If you have restaurants or retail stores as clients, you should know about ShopWatch, a relatively new Denver Business Journal blog that is written/edited by Boots Gifford. The blog covers “openings and closings of restaurants and retail stores, relocations, and major business strategy changes like remodels and major reworking of product offerings.” Don’t bother pitching minor menu additions or holiday “specials.”
By Sharon Haley Linhart
Managing Partner, Linhart Public Relations
At the risk of pointing out the obvious, the world has really changed the way it communicates. I predict business will continue to adapt to and adopt new interactive media and digital communications for everything from customer service to crisis management to employee engagement. Organizations will seek to bypass the traditional news media and interact one-on-one with key audiences as never before. The smart strategists who know what, why, when and how to communicate will rule this new world and the question of “what’s the ROI of social media” will finally be put to rest.
I have recently added an email subscription capability to the Denver PR Blog. So, if you would like to receive blog posts automatically in your email inbox, sign up (just above the Twitter link on the left side of the blog).
By Tracy Weise
President, Weise Communications Inc.
There are two kinds of PR pros: Those who move at the speed of a nanosecond (I predict they will do well) and those who still have the Rocky Mountain News on their media lists (I predict they will soon be applying to MBA programs).
The news, and the not so newsworthy news, is reaching us all at the speed of 140 characters per posting. This means that product and service providers, corporations, politicians, athletes, and all those other entertainers/public figures who have private lives we don’t really need to know about but still do, need to be on top of their images every day, every minute. As PR professionals, it is our job to manage those images in nanoseconds.
Public relations professionals have incredible opportunities to promote our clients in new and innovative, and quite frankly, fun ways. We have not had to rely on old school practices of op-eds, newsletters, published profiles or speaking opportunities to develop the image of our clients or promote services and products. Now we have blogs, casts of the pod and video varieties, twits and flicks and so many more opportunities to publish content, react to breaking news, manage messages and craft identities. PR professionals who are taking advantage of the chance to own their messages without journalists as gatekeepers, will propel their clients to new heights. But those individuals (or agencies) not up to speed in this 140-character world, will be stuck reacting to community perception instead of owning media messages.
Not only do we need to embrace the ever expanding world of social communications, but we must continue to pull our clients to it as well. Posting apologies on personal Web sites, ala Tiger Woods, is clearly not engaging or effective communications. CEO’s blogging about the good, the bad and the ugly on a regular basis, ala Paul Levy of Beth Isreal, are in the game to control and own messages. What type of communication program will you advocate? It is amazing how many times I heard during the past year, “We don’t need to Twitter.” Or, “I am the CEO, I don’t have the time to blog.” I promise you, during their next crisis communication moment (and they will have it), these same people are going to wish they had been participating in online communications for months.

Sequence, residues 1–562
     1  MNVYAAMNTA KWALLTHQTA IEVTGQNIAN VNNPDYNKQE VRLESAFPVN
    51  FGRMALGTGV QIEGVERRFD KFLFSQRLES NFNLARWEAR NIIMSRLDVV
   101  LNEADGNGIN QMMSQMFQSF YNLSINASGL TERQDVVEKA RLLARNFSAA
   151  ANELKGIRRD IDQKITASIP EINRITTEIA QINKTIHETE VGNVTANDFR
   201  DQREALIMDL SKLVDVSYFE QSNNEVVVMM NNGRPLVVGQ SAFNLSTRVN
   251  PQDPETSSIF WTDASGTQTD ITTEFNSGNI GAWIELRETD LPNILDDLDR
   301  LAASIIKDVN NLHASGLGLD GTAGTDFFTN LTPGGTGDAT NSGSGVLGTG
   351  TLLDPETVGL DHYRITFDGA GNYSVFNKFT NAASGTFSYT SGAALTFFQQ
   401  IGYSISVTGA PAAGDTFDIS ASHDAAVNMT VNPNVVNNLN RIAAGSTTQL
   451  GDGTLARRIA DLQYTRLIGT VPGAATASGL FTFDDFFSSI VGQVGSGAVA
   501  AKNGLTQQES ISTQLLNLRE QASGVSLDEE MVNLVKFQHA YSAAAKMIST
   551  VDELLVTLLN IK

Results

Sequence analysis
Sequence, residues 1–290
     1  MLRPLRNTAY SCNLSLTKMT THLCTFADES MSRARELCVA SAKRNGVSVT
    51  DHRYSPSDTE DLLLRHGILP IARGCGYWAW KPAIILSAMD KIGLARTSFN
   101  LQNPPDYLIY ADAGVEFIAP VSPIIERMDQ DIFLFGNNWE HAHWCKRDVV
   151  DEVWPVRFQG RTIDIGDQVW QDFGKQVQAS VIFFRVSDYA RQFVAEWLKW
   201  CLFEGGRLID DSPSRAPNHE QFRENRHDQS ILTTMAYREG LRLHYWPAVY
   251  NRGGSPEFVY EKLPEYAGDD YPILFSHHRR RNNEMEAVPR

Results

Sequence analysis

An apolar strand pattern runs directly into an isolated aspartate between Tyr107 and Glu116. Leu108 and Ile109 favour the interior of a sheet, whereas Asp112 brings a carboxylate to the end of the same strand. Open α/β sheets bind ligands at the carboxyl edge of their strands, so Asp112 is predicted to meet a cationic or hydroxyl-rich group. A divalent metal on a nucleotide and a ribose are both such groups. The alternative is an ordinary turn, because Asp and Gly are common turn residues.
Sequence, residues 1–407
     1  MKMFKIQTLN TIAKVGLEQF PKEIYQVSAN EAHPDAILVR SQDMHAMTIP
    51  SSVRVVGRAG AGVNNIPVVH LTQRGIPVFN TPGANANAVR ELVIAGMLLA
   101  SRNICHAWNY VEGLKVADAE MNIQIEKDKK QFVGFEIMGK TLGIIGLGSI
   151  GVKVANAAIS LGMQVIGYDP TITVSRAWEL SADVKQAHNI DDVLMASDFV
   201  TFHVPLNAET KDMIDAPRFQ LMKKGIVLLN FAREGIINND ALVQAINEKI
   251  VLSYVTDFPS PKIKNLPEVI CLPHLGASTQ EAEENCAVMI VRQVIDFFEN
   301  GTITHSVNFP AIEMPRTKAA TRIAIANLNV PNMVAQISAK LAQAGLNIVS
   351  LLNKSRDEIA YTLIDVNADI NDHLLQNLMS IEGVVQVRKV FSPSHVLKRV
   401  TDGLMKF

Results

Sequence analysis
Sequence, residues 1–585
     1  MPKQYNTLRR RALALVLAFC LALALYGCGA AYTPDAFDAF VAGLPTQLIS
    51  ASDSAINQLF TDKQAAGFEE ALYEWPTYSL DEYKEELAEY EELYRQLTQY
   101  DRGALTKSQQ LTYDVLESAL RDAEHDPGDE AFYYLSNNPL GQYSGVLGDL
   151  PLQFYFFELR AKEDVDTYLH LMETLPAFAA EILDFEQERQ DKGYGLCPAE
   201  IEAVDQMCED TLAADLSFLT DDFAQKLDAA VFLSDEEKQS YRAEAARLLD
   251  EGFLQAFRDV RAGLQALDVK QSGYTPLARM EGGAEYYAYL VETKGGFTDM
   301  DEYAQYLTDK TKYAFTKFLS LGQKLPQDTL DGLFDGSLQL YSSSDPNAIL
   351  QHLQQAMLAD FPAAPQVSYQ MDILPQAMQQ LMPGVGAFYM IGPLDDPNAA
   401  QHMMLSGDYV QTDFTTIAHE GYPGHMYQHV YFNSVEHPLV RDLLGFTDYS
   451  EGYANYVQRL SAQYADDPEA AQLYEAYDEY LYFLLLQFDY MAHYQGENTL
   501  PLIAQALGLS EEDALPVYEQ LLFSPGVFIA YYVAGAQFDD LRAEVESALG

I also predict that the traditionally academic motto “publish or perish” is no longer just for those seeking tenure. Getting good, optimized content online will be a new PR 101 lesson.
In addition, I predict that Oprah will continue to find some way to haunt our PR nightmares.
Finally, and most importantly, I predict that The University of Alabama will be the 2010 National Champions in College Football. Roll Tide Roll.
By Jeff Julin
President, MGA Communications
- It will still be economy, economy, economy and budgets will be tight. Creating public relations programs
with value tied to productivity and profitability will be critical.
- Social media will not be all the rage, it will be required. Social media is becoming an integral part of most programs and will join the other list of public relations tactics expected from our profession. The focus for this next phase needs to be on developing organizational social media engagement policies, clear integrated strategies and measurement processes linked to business goals.
- Mobile technology is moving to center stage in communication. Speed and true 24/7 connectivity and will create incredible opportunities for developing and enhancing relationships with our target audiences. The smart use and development of applications will be a valuable capability to add to our public relations arsenal.
- In-person exchanges, special events, community meetings, etc. are not becoming obsolete, but rather more important, in part, because of the wide-spread use of technology. We need to use both wisely.
- User-generated content is foundational to the internet. However, actions like the FTC rule requiring bloggers to reveal when they have been paid in some way for blogging about a product or company may start a trend toward more transparency and validation about information posted on the web. Perhaps there is a future for editors, let’s hope so.
- Online advertising is no longer about a simple click through. There will be increasing incentives offered to motivate people to click on the ad. Coupons anyone?
- Survey Monkey is making everyone a researcher – public relations/ communications professionals should become the gate keepers of the validity of the information.